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David Trist, 2020
David remembers well the night he was put in charge of a captured Japanese soldier. It was in New Guinea and his unit had been sent out with strict instructions to find an enemy soldier they could interrogate about Japanese troop positions.
David has many memories of the war but this was the worst experience of his active service. It was the unit's third patrol for the day and they were all exhausted by the time they found "this poor bloke with shellshock."
“I tied him up and I talked to him in Pidgin English which he seemed to understand and I gave him a cigarette, then another, then next morning a back-up patrol came by and I got him some tobacco and he was thankful.”
On that trip Corporal David Trist ended up with a banner that the soldier had been carrying and he hung on to it for years after the war had ended. Years later the Mayor of Penrith heard about the pennant and organised to restore it to the Shinto shrine from which it had come.
“Blow me down, next thing the head priest came to Australia and we organised a dinner. He had brought a gift package and inside that amongst other things was a packet of cigarettes for me.”
It was a thank you from the Japanese for the soldier he’d looked after all those years before and not coincidentally the durries were the ‘Peace’ brand cigarettes.
This typifies the extraordinary experiences that marked David Trist’s wartime career.
David Trist, 1943
He had enlisted in the Australian Imperial Force in December 1943, aged 18.
“I wanted to keep my country safe but also follow my father who was a WWI veteran.”
After training, he was deployed to Darling Harbour wharves with the 18th Battalion (dubbed by some the 'Young Soldiers' Battalion') to help load ammunition onto ships heading north where the conflict was raging across the Pacific.
It was at this time the famous Cowra Breakout occurred and the young soldier was sent to help transport the recaptured POWs to the Hay internment camp.
David had already been training in the Queanbeyan Volunteer Defence Corps as an under age soldier. The VDC was an Australian version of Britain's Home Guard and it included commando training, the guarding of various critical Canberra facilities and he says, "I learned how to throw hand grenades."
So by the time his 58/59th Battalion shipped north in 1944 he felt confident and ready for anything. But, he didn’t contend with the conditions in New Guinea and it wasn’t really the fighting that got to him.
“I was sick for a long time with skin diseases. When the war ended they had to send me to hospital for six weeks to get over a skin disease. I’d lost a bit of weight and ended up in a major hospital on Bougainville.”
Bougainville was where David saw the most action. The fighting was tough going. "If we were attacking a Japanese position, there were plenty of bullets flying around and you were lucky they didn't hit you."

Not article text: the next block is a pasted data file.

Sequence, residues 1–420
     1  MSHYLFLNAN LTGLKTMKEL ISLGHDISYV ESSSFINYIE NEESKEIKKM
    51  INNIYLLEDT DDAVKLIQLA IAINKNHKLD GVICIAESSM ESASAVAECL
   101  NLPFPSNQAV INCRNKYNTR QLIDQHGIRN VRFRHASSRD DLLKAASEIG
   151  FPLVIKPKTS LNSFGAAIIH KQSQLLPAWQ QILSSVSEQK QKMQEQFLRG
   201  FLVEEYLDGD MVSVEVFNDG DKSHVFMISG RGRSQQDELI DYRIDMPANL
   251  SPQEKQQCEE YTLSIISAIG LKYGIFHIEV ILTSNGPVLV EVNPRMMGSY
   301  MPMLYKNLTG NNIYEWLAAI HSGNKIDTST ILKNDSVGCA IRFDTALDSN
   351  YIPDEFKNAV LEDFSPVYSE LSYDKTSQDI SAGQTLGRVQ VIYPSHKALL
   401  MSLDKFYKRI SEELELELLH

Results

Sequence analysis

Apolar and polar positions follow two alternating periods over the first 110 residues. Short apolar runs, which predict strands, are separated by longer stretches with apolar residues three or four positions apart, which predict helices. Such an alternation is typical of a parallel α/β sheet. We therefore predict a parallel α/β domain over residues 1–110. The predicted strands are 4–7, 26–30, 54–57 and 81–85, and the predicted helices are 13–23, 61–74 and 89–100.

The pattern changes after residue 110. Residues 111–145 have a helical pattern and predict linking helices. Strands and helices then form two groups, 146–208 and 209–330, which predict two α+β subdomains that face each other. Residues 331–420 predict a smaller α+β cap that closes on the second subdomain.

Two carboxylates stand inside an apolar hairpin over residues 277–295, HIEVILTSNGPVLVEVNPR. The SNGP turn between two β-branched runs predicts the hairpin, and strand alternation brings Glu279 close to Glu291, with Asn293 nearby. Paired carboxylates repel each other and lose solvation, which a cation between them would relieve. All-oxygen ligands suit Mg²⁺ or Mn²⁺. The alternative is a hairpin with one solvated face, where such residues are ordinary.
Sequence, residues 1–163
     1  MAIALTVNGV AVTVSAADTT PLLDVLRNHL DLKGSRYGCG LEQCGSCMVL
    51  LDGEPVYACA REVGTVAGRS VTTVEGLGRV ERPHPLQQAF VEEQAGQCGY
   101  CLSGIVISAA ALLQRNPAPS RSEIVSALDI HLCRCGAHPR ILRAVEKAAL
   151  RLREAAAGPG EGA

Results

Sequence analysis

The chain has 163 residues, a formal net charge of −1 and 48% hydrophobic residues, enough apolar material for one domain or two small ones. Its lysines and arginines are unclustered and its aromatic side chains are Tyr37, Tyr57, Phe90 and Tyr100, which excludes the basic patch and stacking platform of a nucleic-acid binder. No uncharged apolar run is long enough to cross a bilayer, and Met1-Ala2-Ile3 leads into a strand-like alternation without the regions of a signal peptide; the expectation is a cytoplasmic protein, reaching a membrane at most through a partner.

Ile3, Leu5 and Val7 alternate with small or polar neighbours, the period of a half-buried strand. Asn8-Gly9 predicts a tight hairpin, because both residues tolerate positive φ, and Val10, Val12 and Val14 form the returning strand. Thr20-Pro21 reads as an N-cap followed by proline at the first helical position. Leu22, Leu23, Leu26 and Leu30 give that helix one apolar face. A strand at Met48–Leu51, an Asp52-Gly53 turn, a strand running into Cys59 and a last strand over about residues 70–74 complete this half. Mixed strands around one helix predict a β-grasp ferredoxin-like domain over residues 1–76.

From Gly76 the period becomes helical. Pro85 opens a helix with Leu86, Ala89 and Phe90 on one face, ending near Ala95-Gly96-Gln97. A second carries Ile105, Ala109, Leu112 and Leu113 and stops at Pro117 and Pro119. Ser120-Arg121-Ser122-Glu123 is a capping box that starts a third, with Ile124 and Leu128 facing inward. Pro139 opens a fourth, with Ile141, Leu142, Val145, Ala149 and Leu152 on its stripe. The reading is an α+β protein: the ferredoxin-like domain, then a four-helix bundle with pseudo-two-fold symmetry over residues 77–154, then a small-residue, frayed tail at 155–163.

It was relentless and the soldiers got very little sleep. When they were on patrol at night the watch was two hours on and four hours off and they slept in narrow or ‘slit’ trenches dug with a small shovel to give them some protection.
“There was a lot of grenade throwing. It was better at night than shooting because shooting would draw attention to where the gunman was whereas a grenade wouldn't.”
Other tense encounters included frontal attacks on enemy positions while under artillery fire - "both theirs and ours." One time they found themselves being strafed in the jungle by a New Zealand Air Force Corsair fighter.
Members of the 58/59th Battalion in Bougnaville 1945 (David is sitting on the left at the rear of the first jeep)
David's early training came in handy, especially learning with hand grenades. "It enabled me to throw a Mills hand grenade 30 or 40 yards out into the jungle." David was also listed as a marksman which meant he earnt an additional six pence per day.
"One occasion, I think we counted at least a hundred shells coming into a small position from the Japanese. It got a bit nerve wracking, but we faced up to it. "
Another memento David brought home was one of the leaflets dropped by the RAAF across Japanese territory. It was directed at Japanese soldiers and written in both Japanese and Pidgin English trying to convince them to stop fighting. As far as David recalls, there was little or no success although they still served a purpose with the locals no doubt using them to roll cigarettes.
News of the Japanese surrender came through a radio in a Matilda tank that the troops took shelter behind during the fighting. Not only would the Japanese bullets bounce off the tank's thick steel shell, but the radio, tuned to the ABC, would provide day-to-day coverage of the fighting, including news of the atomic bombing of Hiroshima and Nagasaki.
The end couldn't come soon enough.
"We were pretty exhausted. I think many of us had the skin diseases and very much unable to walk well. And we were just so glad. The position where we were was literally covered with water and we didn't call out and shout and enjoy. We just accepted. This was good. "
After six weeks in hospital recovering from fungal infections to his skin and legs, Corporal Trist returned to his unit which was now engaged in the eight-month process of collecting 250,000 Japanese troops who had surrendered. They were spread all around the Southwest Pacific, some in POW camps in places like the Solomon Islands. They were sent first to Rabaul then shipped back to Japan.
Finally in mid 1946 David and his unit were transported on the HMAS Katoomba back to Sydney where he took himself into the city to get a haircut and his first steak in 18 months. It was a welcome change to hard biscuits and tinned bully beef cooked over a paraffin stove which was the staple when on patrol.
David (middle) with mates in Rabaul in 1945